David Jones, artist and poet (1895-1974) begins his PREFACE TO THE ANATHEMATA :

'I have made a heap of all that I could find.' (1) So wrote Nennius, or whoever composed the introductory matter to Historia Brittonum. He speaks of an 'inward wound' which was caused by the fear that certain things dear to him 'should be like smoke dissipated'. Further, he says, 'not trusting my own learning, which is none at all, but partly from writings and monuments of the ancient inhabitants of Britain, partly from the annals of the Romans and the chronicles of the sacred fathers, Isidore, Hieronymous, Prosper, Eusebius and from the histories of the Scots and Saxons although our enemies . . . I have lispingly put together this . . . about past transactions, that [this material] might not be trodden under foot'. (2)

(1) The actual words are coacervavi omne quod inveni, and occur in Prologue 2 to the Historia.
(2) Quoted from the translation of Prologue 1. See The Works of Gildas and Nennius, J.A.Giles, London 1841.

16 September 2015

Theatre of the Actors of Regard presents : Purple Gaze

Purple gaze, all in my brain
Lately things they don't seem the same
Actin' funny, but I don't know why
Excuse me while I kiss the sky

 We are what we think.
 All that we are arises with our thoughts.
 With our thoughts we make the world. 
 The Dharmapada 
Purple gaze, all around
Don't know if I'm comin' up or down
Am I happy or in misery?
What ever it is, that girl put a spell on me

 A Person Looks At A Work Of Art/
 someone looks at something... 
Help me
Help me
Oh, no, no

Ooo, ahhh
Ooo, ahhh
Ooo, ahhh
Ooo, ahhh, yeah!

Purple gaze all in my eyes
Don't know if it's day or night
You got me blowin', blowin' my mind
Is it tomorrow, or just the end of time?

Help me
Ahh, yea-yeah, purple gaze
Oh, no, oh
Oh, help me
Tell me, tell me, purple gaze
I can't go on like this
Purple gaze
You're makin' me blow my mind
Purple gaze, n-no, nooo
Purple gaze

- with apologies to JH


We have received the following email announcement from the Museum of Contemporary Art, Sydney :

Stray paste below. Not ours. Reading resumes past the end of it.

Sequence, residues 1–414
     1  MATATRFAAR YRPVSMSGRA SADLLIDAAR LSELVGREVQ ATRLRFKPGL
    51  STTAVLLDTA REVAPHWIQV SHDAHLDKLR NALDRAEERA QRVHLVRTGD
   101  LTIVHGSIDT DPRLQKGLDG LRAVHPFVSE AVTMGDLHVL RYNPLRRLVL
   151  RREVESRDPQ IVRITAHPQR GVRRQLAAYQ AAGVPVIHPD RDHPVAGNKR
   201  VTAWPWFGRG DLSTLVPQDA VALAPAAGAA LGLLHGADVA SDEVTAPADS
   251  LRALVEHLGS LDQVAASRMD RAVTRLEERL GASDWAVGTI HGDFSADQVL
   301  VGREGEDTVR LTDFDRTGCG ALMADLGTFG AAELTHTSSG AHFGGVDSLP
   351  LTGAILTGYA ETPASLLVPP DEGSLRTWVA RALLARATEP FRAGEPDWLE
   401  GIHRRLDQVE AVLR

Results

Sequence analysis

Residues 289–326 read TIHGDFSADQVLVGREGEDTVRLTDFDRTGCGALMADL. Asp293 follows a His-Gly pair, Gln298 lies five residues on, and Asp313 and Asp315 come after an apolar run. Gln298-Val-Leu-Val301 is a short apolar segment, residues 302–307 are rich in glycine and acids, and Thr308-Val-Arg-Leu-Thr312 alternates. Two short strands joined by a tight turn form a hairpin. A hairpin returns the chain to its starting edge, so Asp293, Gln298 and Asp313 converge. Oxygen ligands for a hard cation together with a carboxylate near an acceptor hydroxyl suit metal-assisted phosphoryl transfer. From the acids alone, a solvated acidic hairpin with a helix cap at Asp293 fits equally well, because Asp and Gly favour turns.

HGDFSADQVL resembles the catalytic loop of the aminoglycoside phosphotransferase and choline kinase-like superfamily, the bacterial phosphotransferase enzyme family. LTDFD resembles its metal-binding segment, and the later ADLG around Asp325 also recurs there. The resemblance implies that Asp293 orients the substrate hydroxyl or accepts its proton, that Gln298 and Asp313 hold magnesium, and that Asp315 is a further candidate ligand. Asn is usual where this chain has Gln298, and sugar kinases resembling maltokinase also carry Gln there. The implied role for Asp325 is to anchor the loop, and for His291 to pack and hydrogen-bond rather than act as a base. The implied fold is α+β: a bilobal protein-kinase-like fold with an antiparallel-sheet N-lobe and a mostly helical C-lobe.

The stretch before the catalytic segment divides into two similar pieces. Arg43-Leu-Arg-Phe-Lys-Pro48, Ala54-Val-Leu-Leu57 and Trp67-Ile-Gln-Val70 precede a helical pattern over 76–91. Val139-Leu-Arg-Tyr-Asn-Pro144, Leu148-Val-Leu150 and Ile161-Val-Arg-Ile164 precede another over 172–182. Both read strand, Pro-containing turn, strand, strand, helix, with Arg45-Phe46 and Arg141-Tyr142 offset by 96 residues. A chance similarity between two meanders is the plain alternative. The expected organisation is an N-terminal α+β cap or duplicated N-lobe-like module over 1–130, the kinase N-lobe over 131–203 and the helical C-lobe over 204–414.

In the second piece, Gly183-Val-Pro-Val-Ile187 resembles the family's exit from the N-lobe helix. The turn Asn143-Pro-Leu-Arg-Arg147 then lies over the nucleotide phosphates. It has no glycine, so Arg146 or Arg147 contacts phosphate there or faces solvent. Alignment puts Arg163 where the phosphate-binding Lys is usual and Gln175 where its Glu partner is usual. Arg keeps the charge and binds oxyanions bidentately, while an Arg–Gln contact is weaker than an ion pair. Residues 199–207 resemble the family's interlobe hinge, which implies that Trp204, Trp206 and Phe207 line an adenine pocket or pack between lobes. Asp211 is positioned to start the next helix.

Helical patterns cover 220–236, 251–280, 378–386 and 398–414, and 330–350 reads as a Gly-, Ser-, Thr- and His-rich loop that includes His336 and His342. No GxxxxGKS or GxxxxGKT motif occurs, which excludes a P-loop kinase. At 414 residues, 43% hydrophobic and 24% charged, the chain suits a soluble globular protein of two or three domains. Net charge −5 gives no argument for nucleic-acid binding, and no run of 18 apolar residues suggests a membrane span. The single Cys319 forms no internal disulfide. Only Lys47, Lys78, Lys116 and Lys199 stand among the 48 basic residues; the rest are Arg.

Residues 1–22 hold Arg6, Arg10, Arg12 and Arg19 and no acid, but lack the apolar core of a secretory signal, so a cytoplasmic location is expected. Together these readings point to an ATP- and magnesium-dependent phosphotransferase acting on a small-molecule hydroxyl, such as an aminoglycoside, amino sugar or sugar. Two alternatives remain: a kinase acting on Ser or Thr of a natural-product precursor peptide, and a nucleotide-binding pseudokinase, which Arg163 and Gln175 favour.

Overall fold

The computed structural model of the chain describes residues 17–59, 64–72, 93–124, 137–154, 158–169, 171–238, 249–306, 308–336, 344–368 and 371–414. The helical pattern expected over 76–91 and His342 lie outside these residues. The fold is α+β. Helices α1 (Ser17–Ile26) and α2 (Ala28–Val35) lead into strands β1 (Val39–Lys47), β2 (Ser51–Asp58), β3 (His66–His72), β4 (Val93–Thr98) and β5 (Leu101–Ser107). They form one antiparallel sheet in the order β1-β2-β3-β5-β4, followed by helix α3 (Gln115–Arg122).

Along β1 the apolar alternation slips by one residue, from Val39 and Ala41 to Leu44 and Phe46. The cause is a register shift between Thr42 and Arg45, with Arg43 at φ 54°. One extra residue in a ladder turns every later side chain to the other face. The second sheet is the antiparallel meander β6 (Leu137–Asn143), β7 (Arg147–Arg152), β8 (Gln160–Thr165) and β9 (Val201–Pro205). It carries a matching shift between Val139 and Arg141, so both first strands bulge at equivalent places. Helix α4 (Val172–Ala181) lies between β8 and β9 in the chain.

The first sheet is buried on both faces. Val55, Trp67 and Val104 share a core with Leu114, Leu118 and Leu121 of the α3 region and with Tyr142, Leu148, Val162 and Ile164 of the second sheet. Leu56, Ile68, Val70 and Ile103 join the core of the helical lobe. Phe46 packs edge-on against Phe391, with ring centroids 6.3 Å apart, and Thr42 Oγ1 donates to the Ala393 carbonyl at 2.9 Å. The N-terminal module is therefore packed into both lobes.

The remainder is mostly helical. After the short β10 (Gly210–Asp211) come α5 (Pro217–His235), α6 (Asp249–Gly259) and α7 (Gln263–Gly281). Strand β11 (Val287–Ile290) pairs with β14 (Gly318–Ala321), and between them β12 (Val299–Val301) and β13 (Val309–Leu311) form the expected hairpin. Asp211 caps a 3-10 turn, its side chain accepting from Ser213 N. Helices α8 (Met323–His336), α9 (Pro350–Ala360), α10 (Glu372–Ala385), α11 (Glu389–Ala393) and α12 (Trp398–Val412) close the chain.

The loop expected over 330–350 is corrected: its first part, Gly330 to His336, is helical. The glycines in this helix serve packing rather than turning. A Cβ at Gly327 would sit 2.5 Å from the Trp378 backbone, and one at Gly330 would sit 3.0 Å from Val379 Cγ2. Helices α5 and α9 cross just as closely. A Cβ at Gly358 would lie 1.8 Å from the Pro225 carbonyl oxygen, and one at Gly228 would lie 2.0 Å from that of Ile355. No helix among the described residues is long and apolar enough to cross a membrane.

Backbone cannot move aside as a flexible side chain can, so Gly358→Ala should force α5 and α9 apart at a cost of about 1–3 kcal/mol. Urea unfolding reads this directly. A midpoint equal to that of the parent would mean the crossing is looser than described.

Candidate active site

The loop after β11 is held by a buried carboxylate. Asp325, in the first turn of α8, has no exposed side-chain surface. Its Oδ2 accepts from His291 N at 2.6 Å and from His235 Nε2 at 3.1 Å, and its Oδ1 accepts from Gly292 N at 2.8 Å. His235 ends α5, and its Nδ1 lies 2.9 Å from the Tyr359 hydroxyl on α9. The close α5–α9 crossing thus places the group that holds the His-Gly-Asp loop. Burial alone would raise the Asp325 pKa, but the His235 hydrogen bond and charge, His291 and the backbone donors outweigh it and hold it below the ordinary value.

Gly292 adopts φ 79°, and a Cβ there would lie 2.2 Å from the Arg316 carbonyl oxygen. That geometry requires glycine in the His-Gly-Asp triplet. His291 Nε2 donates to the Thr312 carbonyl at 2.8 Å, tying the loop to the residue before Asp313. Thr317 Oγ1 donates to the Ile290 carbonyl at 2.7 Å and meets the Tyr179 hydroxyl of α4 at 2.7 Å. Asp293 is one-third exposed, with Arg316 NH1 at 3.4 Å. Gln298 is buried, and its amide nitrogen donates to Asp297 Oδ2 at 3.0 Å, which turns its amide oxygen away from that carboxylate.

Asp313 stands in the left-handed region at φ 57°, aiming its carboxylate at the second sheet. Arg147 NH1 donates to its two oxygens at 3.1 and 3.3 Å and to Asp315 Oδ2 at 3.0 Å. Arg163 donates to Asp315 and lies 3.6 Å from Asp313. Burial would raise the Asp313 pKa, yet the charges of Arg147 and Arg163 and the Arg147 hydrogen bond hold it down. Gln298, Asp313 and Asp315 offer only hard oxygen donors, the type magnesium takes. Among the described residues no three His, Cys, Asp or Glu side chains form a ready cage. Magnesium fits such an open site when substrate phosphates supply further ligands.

Question the post-critical irony 

How do we distinguish between an ‘original’ and a ‘copy’? 
Professor of Art History at Monash University, Rex Butler 
takes a look at the practice of two painters making similar 
work for two very different reasons. Explore the theories 
and future of painting, in this thought-provoking lecture.
Clicking on that takes us to this :

– Rex Butler

Explore the recent history, current state and the possible futures of painting in this series of talks.


Rex Butler (Monash University)
Sat 26 September
The Brisbane-based newspaper The Courier-Mail recently carried a long article by journalist Susan Johnson, 'CJ Hendry shows how artists are finding fame and riches by using social media' (Read article here) (December 15, 2014), featuring the work of one CJ Hendry, an artist whose work bears an uncanny resemblance to that of another Queensland artist Michael Zavros. Painter Zavros is known for his “post-critical” attitude towards art-making, his doing away with that critical “irony” that distinguishes the work of art from that object or attitude it appears to represent. Zavros’ work simply is what it represents: cars, handsome young men, the artist narcissistically bathing in his own wealth and glamour. And yet Zavros and his dealer in the article are quoted defending his work against its imitation by Hendry. In what could the difference between the two bodies of work lie? How are we to distinguish between Zavros’ “original” and Hendry’s “copy”? And why would Zavros, given his apparently “post-critical” attitude, want to?
Rex Butler is Professor of Art History at Monash University. He is currently working on a history of UnAustralian art with ADS Donaldson and has recently completed a book on Deleuze and Guattari’s What is Philosophy?
FREE, bookings essential
Veolia Lecture Theatre
Presented in association with Sydney College of the Arts, University of Sydney
Image Credit: Lucy Parahkina
Theatre of the Actors of Regard 
 A Person Looks At A Work Of Art/
 someone looks at something...